Reaction Chamber

The main function of the reactor chamber is to isolate the reaction from the general operating environment. The chamber must contain the extreme heat and radioactivity resulting from the reaction and maintain the vacuum necessary for reaction operation.

While the radiated heat from the reaction plasma is significantly less than the temperature of the plasma itself (around 150 million degrees), the facing surfaces of the reactor chamber need to withstand several thousand degree temperatures and bombardment from high energy particles escaping the reaction plasma.

The reactor wall acts as a safety containment barrier and allows a vacuum to be maintained within the reaction chamber. The reactor chamber is toroidal in shape with a double-wall design constructed from stainless steel.

Passages between the layers allow cooling water to circulate, keeping the chamber wall cooled to approximately 250 degrees centigrade. A series of ports through the reactor wall provide access for remote handling operations, monitoring, heating and vacuum systems.

In order to ensure the reaction chamber meets a service life requirement of 10-15 years, significant shielding is added to the interior surface to protect it from the reaction.

Reaction Isolation Shield

Reactor chamber cross-sectionThe chamber wall is lined with a system of modular, dual-layered components referred to as the Reaction Isolation Shield (RIS). The system is designed to remove the bulk of heat and radiation from the reaction before it reaches the chamber wall. The severity of the conditions facing the reaction limits the service life of the components and so the modular design allows for their replacement as required without interrupting reactor operation.

The outer layer directly facing the reaction is designed to remove the bulk of the reaction’s heat load. This layer is constructed from beryllium, which has excellent thermal conductivity and is particularly stable under thermal loading. Because of its low density and atomic mass, beryllium is relatively transparent to ionizing radiation which allows the high-energy neutronic particles produced by the reaction to pass through the modules with minimal impact.

The inner layer is designed to remove the bulk of the radiation load from the reaction. This layer is constructed from a vanadium-tungsten alloy chosen for its durability. The alloy has a low diffusive index for high-energy particles making it ideal for containment purposes. The alloy also has a moderate thermal neutron-capture profile, reducing neutronic activation, which alters the physical characteristics of the material and accelerates degradation. The isotopes produced by the neutronic activation of the alloy have a short half-life, reducing the complexity of waste material handling.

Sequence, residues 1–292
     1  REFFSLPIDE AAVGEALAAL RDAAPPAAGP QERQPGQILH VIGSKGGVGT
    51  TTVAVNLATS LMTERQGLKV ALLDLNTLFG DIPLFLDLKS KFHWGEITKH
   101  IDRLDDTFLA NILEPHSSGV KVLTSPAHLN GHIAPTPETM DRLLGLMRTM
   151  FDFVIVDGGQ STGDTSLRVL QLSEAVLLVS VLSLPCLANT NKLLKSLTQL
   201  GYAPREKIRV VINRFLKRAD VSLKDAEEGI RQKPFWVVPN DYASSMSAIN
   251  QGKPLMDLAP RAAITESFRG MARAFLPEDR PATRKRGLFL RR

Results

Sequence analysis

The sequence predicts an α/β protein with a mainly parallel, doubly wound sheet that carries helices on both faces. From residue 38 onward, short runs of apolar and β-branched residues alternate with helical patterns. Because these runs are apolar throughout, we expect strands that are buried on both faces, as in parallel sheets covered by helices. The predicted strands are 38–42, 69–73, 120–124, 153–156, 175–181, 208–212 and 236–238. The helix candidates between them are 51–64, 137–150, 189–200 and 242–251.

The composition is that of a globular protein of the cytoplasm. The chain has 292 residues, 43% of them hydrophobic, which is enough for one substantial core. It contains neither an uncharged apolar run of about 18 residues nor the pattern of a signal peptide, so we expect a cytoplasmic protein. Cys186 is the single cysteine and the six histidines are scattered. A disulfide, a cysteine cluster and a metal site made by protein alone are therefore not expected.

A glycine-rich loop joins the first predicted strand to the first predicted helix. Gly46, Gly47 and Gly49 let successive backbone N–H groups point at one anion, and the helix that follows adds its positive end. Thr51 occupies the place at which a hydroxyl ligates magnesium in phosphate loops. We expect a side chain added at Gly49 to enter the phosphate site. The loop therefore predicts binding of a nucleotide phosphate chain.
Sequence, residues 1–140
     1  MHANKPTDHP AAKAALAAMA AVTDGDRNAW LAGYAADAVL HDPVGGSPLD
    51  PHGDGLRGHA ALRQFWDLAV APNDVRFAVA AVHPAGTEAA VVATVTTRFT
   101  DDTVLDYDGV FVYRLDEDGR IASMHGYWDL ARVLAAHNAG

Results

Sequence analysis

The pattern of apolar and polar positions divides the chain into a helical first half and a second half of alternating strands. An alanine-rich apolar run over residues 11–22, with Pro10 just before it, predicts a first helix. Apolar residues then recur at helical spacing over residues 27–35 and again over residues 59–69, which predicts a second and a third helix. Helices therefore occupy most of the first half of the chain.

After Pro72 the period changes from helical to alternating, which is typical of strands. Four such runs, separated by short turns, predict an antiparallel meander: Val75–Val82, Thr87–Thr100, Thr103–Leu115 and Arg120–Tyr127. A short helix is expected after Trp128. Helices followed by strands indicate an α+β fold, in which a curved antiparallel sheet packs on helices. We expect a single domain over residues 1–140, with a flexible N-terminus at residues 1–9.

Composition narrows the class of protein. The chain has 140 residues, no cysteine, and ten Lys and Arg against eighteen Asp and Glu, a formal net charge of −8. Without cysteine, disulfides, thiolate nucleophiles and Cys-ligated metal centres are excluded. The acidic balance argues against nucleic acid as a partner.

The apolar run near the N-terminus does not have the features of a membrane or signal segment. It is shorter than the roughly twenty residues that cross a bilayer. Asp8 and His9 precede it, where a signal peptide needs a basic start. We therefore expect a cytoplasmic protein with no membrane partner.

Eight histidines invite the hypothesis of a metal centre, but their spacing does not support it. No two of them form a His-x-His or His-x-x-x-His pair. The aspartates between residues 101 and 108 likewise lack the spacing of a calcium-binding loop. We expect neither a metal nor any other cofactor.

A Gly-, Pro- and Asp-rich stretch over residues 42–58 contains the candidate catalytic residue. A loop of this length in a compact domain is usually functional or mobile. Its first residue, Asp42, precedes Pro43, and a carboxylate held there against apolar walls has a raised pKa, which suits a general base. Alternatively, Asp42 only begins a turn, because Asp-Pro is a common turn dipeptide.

Tritium Breeding Modules

The scarcity of tritium requires fuel production techniques to ensure adequate supply. Tritium breeding techniques will be used within the reactor to produce fuel.

Dedicated RIS modules will incorporate lithium, which interacts with high-energy neutrons like those from the reaction to produce tritium. This process is referred to as tritium breeding. The modules will incorporate systems to extract the tritium for use as reactor fuel.


The divertor is strategically placed at the bottom of the reaction chamber where the bulk of the reaction’s high-energy particles are diverted (hence the name) by the magnetic containment system. The divertor extracts heat, helium ash (a by-product of the reaction) and plasma impurities from the reaction chamber. The primary coolant system runs through the divertor to draw heat away from the reactor chamber for transfer to the generating turbine system.

A modular design allows components to be replaced remotely without interrupting reactor operations. Each module has three targets (the inner and outer vertical targets and the dome) that are struck by high-energy particles from the reaction, while exhaust ash falls between the targets into extraction vents. The targets are situated at the intersection of field lines from the magnetic containment system and are composed of the same vanadium-tungsten alloy as the inner layer of the RIS modules.

The divertor’s supporting framework is constructed of stainless steel. 

Diagnostic Monitoring

The importance of the reactor’s shield components requires constant monitoring. The health of reaction-facing components is monitored using micro-electrical resistance tomography which allows the imaging of sub-surface structures from electrical resistivity measurements conducted using electrodes inserted into modules. This allows the effects of neutronic activation on components to be continuously monitored, allowing identification of components requiring replacement.

Neutronic activation is caused when one of the high-energy neutrons escaping the reaction is captured by a nucleus within the material making up the module. This combination creates an isotope, thereby changing the physical characteristics of that part of the module. These changes reduce the module’s strength and cause an increase in the module’s high-energy particle diffusive index, diminishing its capacity to shield against radiation.

Reactor Vacuum

The reaction chamber must be maintained in a high vacuum to prevent non-charged particles (which can pass through the magnetic containment field) contaminating the reaction plasma. The status of the vacuum is measured in Pascals (Pa) using an ionisation gauge. Range 1×10−1 to 1×10−7.